SOARES: French Finance Minister Bruno Le Maire, really appreciate you taking the time to speak to us this evening. Thank you, sir.

LE MAIRE: Thank you so much.

SOARES: Thank you.

LE MAIRE: Now, turn now to something totally different. In the world of tech, the gloves are off in the tech roll between Elon Musk and Mark

Zuckerberg -- no, they're not taking to a ring, no, at least, not yet. The two billionaire executives have expressed interest in meeting in the ring,

of course, for a cage fight. That much, you know.

But a more consequential face-off may soon be in the cards too. Meta is preparing to launch a Twitter competitor called Threads. It's a new app

offering real-time conversations. Does it sound familiar? Joining us for more is our Anna Stewart. So, Anna, just talk us through, I mean, how would

it actually differ from Twitter?

ANNA STEWART, CNN REPORTER: That is a good question. It hasn't launched yet, we'll get to see it --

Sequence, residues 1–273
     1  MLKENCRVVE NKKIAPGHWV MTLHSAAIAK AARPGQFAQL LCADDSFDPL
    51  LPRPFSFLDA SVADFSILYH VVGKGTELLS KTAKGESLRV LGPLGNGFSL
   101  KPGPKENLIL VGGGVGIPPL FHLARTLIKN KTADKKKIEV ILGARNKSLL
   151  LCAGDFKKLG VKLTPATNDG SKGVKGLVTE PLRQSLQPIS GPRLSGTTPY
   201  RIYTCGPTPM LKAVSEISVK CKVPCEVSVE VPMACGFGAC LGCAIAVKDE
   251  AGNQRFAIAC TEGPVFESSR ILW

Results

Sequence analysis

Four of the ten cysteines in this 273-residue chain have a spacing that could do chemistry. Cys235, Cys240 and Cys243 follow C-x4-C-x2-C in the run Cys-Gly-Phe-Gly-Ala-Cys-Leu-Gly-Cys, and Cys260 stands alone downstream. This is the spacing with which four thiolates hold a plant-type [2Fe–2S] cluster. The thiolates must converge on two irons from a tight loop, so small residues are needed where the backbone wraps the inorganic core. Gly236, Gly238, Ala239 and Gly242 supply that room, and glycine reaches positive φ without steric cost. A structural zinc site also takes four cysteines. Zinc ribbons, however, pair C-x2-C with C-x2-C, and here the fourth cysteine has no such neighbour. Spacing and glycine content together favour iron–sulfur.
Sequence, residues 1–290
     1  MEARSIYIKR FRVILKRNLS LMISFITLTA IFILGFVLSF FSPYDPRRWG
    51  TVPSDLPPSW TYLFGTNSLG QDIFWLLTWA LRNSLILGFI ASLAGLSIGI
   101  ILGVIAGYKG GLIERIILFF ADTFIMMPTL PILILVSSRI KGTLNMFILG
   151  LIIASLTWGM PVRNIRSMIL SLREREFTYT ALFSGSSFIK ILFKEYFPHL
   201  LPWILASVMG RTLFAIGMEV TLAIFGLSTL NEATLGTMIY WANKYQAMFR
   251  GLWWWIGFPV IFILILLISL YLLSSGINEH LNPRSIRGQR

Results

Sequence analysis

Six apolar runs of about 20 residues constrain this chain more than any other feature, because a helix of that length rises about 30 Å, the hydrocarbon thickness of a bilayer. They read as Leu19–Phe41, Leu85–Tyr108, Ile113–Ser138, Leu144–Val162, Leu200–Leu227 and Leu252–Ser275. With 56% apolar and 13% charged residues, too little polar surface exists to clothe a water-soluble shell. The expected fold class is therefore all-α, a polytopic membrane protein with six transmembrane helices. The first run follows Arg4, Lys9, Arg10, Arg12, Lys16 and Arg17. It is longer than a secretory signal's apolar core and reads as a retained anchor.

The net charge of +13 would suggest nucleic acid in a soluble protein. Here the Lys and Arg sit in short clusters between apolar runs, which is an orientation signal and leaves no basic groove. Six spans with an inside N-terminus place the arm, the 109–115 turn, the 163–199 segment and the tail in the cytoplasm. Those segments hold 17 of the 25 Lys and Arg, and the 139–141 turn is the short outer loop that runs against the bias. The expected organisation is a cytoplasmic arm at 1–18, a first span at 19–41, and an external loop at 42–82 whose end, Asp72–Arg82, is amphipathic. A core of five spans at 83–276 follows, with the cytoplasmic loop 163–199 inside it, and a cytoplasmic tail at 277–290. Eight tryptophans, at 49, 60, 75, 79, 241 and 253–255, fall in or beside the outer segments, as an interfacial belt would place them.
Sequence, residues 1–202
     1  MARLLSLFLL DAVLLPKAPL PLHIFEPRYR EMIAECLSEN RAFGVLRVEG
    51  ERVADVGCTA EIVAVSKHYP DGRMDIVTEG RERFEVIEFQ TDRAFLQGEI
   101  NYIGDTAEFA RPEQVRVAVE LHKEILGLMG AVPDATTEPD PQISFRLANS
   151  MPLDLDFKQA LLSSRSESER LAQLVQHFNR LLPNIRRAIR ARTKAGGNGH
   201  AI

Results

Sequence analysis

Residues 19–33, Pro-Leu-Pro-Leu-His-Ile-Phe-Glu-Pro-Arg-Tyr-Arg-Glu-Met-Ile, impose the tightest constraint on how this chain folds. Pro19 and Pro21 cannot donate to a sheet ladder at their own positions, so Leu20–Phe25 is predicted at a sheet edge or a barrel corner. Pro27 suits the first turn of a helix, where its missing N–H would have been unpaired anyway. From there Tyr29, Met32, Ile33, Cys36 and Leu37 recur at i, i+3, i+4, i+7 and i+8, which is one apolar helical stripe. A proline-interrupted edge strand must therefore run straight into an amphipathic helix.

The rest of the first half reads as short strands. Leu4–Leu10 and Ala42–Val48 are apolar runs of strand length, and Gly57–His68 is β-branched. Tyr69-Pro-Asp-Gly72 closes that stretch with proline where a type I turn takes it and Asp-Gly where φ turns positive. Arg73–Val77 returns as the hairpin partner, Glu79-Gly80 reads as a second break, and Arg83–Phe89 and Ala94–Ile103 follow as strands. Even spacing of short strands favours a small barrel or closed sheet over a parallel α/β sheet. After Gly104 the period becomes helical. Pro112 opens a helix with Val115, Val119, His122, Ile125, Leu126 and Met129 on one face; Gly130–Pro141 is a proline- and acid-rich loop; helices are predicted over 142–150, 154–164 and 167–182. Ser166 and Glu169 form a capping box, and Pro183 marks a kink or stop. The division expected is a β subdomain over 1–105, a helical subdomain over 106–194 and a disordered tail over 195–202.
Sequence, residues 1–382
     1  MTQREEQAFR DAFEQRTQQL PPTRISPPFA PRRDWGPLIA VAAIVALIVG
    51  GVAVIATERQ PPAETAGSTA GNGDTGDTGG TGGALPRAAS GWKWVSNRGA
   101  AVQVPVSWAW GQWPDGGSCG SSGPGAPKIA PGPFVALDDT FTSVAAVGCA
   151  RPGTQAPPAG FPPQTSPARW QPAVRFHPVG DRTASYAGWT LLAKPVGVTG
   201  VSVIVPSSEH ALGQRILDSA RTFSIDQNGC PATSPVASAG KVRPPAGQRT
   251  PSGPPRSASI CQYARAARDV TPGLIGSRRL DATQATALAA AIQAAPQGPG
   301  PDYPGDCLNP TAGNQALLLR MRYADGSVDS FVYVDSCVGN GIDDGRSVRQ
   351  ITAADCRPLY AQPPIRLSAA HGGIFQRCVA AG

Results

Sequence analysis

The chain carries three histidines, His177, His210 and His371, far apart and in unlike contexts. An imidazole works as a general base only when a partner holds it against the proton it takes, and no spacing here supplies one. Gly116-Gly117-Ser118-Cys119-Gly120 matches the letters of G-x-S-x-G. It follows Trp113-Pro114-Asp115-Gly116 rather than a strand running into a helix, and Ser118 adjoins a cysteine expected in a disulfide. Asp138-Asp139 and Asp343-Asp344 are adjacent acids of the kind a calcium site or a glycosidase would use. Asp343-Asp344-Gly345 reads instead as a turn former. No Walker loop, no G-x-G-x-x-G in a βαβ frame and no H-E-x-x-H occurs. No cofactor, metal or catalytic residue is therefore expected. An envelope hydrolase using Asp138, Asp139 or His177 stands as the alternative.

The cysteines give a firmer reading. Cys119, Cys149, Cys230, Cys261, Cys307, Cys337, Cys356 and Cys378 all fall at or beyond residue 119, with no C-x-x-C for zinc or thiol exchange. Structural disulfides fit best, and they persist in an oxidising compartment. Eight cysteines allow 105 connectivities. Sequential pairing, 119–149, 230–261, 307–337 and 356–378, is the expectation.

I can show you some teasers that are --

SOARES: Yes --

STEWART: Up on the app store, and you'll see that the interface, the functionality looks awfully like another social media platform called

Twitter. Whether it's the fact that you're seeing messages in Threads, or the functionality in terms of the buttons underneath, which are like, re-

post, reply, share. So very much a rival, I would say, to Twitter. This isn't new. This isn't just Meta doing a copycat. All social media platforms

do this. Instagram Reels copy --

SOARES: Yes --

STEWART: TikTok. Twitter have announced they wanted to have encrypted messages and calls this year. That threat is on WhatsApp. So this is

nothing new. But this one is quite threatening, I would say.


STEWART: Two reasons.


So first of all, this will be linked to Instagram, which already has a user base of over 2 billion monthly active users. So unlike any of the other

rivals we've seen to Twitter, like Truth Social or Bluesky recently, this already has a user base.

Secondly, Twitter is not having a great time at the moment. They're in the middle of a huge transition; not everyone thinks it's going very well,

whether it was removing people's blue ticks, whether it was reinstating people who were banned for hate speech and misinformation, whether it was

just the outage on the weekend, where temporarily, we're told, tweets have been limited for people viewing through.

There are issues. So there might be a few users out there who are ripe for the picking.

SOARES: But Meta and Bluesky have tried it, they didn't get very far. They weren't very successful in trying to copy Twitter.

STEWART: Meta has got more users and deeper pockets.